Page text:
Commencing Conservation in Phang Nga!

By Nicola Gray, Conservation Volunteer 3 weeks ago
Categories Phang Nga

The beginning of my time at GVI Phang Nga

It’s very difficult to describe the first time you pick up a baby turtle and hold it, tiny and wriggling, in your hands. This is what I remember the mostly clearly from my time in Thailand – a lot of turtles. I remember being on my hands and knees to scrub their tanks, and trying to fill the tanks back up with more water than they had before without anyone noticing. Holding these tiny creatures in my hands, that definitely don’t want to be held, and trying to accurately put purple splodges of medicine on very small areas while they simply refuse to hold still. Spoiler: they ended up being almost completely covered in purple instead. Another spoiler: so did I.

The start of my time in Thailand was actually very calm. At the beginning of the first week, we took part in a boat tour at a place called Little Amazon, which took us down an incredibly tranquil mangrove forest that created a canopy of green above our heads. I’ve always loved rivers, and any kind of river trip, but this was such a magical atmosphere that I almost felt like I should start meditating in the boat. If they were looking for a calm way to transition us into life in Thailand, they certainly found one.

In contrast, my first weekend in Thailand definitely did not make me feel like I should start meditating. We went on a group trip to Krabi, where we would then head on by boat to Railay.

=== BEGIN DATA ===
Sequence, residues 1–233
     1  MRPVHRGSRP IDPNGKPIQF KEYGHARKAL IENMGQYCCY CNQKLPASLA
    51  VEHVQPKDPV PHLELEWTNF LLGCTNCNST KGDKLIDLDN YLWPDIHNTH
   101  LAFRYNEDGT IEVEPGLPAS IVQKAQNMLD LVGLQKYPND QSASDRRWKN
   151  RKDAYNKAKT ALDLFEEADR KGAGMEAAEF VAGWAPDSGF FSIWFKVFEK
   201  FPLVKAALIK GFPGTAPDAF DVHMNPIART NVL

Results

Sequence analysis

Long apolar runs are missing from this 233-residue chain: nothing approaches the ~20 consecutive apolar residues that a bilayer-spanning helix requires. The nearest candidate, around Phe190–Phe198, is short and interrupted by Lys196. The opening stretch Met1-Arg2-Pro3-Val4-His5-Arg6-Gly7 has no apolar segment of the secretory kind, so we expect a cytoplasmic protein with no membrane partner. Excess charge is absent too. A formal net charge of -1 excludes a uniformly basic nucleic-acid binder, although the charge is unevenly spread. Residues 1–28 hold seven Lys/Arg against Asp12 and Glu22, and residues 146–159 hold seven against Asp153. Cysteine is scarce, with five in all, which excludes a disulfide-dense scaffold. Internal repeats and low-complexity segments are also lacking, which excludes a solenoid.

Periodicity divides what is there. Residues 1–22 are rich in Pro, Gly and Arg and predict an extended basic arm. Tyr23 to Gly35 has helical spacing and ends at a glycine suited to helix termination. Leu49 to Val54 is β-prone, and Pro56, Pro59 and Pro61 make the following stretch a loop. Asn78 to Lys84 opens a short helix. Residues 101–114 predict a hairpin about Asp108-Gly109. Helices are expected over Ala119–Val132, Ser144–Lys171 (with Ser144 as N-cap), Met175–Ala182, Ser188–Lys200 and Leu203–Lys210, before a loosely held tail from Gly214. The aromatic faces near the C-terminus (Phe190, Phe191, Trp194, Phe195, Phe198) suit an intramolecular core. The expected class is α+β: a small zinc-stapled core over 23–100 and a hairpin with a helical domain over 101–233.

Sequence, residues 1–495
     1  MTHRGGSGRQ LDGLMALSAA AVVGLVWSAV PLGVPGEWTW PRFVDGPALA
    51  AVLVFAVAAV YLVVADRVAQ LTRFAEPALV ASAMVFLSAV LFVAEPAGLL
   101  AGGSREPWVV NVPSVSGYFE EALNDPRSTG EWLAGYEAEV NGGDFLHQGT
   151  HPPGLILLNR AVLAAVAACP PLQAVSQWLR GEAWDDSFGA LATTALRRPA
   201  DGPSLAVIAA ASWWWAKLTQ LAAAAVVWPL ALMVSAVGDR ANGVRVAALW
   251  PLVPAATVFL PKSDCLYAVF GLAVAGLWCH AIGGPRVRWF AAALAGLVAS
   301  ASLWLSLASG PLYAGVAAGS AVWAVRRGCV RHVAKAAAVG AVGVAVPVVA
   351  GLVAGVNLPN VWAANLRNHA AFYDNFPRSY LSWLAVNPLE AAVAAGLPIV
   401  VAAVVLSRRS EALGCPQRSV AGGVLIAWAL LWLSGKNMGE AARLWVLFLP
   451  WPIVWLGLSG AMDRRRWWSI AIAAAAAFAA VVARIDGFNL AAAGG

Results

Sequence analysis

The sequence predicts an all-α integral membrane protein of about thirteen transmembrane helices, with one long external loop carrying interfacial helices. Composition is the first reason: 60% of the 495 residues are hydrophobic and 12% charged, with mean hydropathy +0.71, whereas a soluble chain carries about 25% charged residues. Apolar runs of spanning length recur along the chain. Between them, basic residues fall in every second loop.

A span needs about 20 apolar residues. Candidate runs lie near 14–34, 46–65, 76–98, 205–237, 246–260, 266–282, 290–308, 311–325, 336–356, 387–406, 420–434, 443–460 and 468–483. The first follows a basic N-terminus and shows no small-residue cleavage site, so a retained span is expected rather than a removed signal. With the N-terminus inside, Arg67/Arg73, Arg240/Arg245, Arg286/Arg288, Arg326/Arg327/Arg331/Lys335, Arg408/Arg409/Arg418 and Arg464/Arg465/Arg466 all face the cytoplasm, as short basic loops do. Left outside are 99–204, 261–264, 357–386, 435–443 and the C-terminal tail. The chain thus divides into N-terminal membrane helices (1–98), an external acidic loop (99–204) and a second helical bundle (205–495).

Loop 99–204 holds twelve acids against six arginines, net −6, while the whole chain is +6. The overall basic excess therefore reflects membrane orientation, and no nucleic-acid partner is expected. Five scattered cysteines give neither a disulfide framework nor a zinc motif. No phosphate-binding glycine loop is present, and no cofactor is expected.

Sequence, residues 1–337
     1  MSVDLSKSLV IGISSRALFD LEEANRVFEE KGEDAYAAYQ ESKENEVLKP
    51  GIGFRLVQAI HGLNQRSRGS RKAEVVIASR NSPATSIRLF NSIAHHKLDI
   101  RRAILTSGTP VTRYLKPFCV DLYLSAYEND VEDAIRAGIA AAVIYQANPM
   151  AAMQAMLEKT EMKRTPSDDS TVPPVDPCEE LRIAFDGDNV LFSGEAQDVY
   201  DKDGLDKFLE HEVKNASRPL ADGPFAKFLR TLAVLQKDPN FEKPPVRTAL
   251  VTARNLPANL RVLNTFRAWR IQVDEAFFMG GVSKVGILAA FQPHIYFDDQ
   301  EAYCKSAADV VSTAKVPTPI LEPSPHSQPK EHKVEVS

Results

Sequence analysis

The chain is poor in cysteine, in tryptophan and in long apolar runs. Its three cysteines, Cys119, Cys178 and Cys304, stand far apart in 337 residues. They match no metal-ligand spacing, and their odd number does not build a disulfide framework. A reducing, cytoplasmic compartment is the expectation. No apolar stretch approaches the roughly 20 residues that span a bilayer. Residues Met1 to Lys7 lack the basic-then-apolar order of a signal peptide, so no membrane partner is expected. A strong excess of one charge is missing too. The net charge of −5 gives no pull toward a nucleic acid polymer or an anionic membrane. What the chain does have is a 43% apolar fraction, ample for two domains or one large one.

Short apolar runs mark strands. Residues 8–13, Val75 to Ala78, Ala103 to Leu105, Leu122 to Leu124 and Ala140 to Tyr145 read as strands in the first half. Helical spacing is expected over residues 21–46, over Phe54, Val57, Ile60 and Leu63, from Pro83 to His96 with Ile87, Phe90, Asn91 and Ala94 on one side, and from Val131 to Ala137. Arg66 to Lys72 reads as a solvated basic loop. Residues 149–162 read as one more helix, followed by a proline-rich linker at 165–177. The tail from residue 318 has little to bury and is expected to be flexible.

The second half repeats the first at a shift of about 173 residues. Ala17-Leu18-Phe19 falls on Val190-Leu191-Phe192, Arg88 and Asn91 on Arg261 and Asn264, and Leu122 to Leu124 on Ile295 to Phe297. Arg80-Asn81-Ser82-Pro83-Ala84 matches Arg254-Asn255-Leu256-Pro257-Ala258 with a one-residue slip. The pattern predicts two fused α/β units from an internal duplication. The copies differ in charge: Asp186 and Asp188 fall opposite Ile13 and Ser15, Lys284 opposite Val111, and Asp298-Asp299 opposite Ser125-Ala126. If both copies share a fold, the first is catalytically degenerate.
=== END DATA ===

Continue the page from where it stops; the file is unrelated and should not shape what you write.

I think the best part of the weekend was Tiger Cave Temple. I have absolutely no idea why it’s called Tiger Cave Temple; as far from a cave as it can possibly be, it sits at the top of a 1237 step climb, and instead of tigers you get greeted by monkeys who are more than happy to run off with your water bottle. Slightly hungover, and already sweating profusely from the heat and humidity, we started the climb. This is the hardest workout I think I have ever done – and I know that isn’t exactly a difficult record to beat, but this was extremely tough. I must have genuinely sweat out half my body weight, and I was only very slowly inching my way up the steps to the top. I know, I said this was the best part of the weekend, and so far it sounds like hell, but reaching the top was euphoric – probably partly induced by sweat-loss and exhaustion, but mostly brought on by the views from the top. The temple itself wasn’t really a temple, but a huge structure built incredibly high up housing a huge Buddha statue and a mixture of viewpoints. And I could see for miles – absolutely stunning Thai landscapes that stretched out in front of me endlessly. There’s nothing quite like it.